In the supply chain executive search world, the delicacy and fragility of the supply chain is being exposed in a post-pandemic employment world. Executie Recruiter Emily Unger talks about the “scarcity” of candidates and the chaotic nature of supply chain recruiting in such a disrupted and candidate-driven market. Unger also points out that while it might be a “candidate-driven market,” she can see how those who continue to struggle to find supply chain work could be upset by that moniker.
Along with a candidate-driven market comes the Great Resignation. Americans are quitting their jobs in record numbers. On December 8, the Washington Post cited 4.2 million Americans quitting their jobs in October 2021. The article also discusses a wave of early retirements in addition to the resignations. This retirement is causing a “brain drain” in the supply chain world, as older employees with institutional knowledge retire leaving an informational void for younger workers to fill.
The number of open supply chain positions is steadily increasing as supply chain recruiters continue to work at capacity. Unger also cites a need for employers and hiring managers to be more flexible in the hiring process and with compensation packages.
Candidates are often being courted by multiple recruiters. Hiring managers should take heed and expedite the hiring process. If you like someone, make them an offer. You may not find someone else. The typical vetting process takes too long in a market like this.
Timing is everything and especially now. A candidate that’s not interested at this moment could be in 60 days. Employers should keep this in mind as they start the executive search process. Also, more and more candidates want the option to work remotely at least part-time. Full remote positions and work-life balance has become a priority for the post-pandemic workforce.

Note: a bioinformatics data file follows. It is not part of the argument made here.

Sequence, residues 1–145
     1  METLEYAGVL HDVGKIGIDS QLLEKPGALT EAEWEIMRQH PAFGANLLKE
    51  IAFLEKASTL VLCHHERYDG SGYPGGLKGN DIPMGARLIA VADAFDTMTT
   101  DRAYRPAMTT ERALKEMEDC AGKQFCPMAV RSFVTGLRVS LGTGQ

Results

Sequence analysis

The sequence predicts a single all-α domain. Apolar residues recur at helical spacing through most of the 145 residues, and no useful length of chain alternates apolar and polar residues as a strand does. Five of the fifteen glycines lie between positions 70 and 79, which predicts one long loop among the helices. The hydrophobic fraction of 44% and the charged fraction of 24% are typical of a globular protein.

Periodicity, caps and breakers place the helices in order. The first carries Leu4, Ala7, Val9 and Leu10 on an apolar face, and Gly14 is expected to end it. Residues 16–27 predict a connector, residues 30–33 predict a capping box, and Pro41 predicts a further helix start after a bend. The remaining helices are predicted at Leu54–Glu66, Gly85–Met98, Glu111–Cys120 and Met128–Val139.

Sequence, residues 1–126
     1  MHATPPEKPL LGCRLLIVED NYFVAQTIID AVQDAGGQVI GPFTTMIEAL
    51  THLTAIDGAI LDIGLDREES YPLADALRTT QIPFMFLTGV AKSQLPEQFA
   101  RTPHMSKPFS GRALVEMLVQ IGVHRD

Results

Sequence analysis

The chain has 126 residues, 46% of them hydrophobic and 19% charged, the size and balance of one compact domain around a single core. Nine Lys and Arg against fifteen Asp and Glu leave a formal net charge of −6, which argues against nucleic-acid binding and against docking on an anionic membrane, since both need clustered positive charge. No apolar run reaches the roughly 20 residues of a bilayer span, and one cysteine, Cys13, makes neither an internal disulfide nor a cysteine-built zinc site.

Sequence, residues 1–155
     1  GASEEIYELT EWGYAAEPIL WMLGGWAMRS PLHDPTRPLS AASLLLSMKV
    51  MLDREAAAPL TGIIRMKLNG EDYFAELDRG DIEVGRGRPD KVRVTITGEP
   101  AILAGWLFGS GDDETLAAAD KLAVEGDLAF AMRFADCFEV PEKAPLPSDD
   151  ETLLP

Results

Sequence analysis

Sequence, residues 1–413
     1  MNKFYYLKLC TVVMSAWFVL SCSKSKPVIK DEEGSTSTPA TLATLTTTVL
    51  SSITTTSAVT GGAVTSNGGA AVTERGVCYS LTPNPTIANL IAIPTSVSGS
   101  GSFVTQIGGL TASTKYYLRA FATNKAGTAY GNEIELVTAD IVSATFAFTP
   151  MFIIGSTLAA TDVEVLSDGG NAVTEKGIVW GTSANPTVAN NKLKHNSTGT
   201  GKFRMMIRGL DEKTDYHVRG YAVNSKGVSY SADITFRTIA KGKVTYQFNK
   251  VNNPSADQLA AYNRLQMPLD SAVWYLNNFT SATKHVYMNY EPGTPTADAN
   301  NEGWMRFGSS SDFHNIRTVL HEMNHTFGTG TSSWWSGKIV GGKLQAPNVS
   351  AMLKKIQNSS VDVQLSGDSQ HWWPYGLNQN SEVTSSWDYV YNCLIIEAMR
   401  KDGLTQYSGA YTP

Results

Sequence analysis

2022 Supply Chain Executive Search
Unger sees the next year as one where candidates may lose some of their leverage as the market volatility eases. Because the supply chain has always experienced disruptions it has also experienced recovery. What goes up must come down, as they say. However, some things have changed for good.
There will be more of a focus on strategic over tactical skill sets. Creative problem-solving skills are paramount to being able to quickly pivot between strategies. Analytics tools and data-driven forecasts will also become even more prevalent in the field.
Unger also says that executive search in 2021 has been more difficult than in 2020 because of the ripple and lasting effects of the pandemic. Closures and delays have created more urgent and immediate problem-solving issues. People need immediate help to fill positions built to deal with immediate needs. While employers are looking ahead and trying to forecast future needs, they’re being faced with urgent issues that require immediate attention and assistance.
Anyone coming into the supply chain space will have to be a creative problem solver. They will have to understand and grasp the fact that a career in a pandemic supply chain world requires a new set of skills. Gone are the days of basic shipping and receiving. Amazon and Walmart are innovating first, middle, and last-mile fixes on a daily basis. While they have the capital capacity to do so, smaller regional businesses can also implement creative problem solving by hiring creative problem solvers.
One thing is for sure: there will always be disruptions in this space because there always have been. But, innovation, automation, and talent shortages are creating exciting new recruiting and placement opportunities for anyone who wants to level up in supply chain.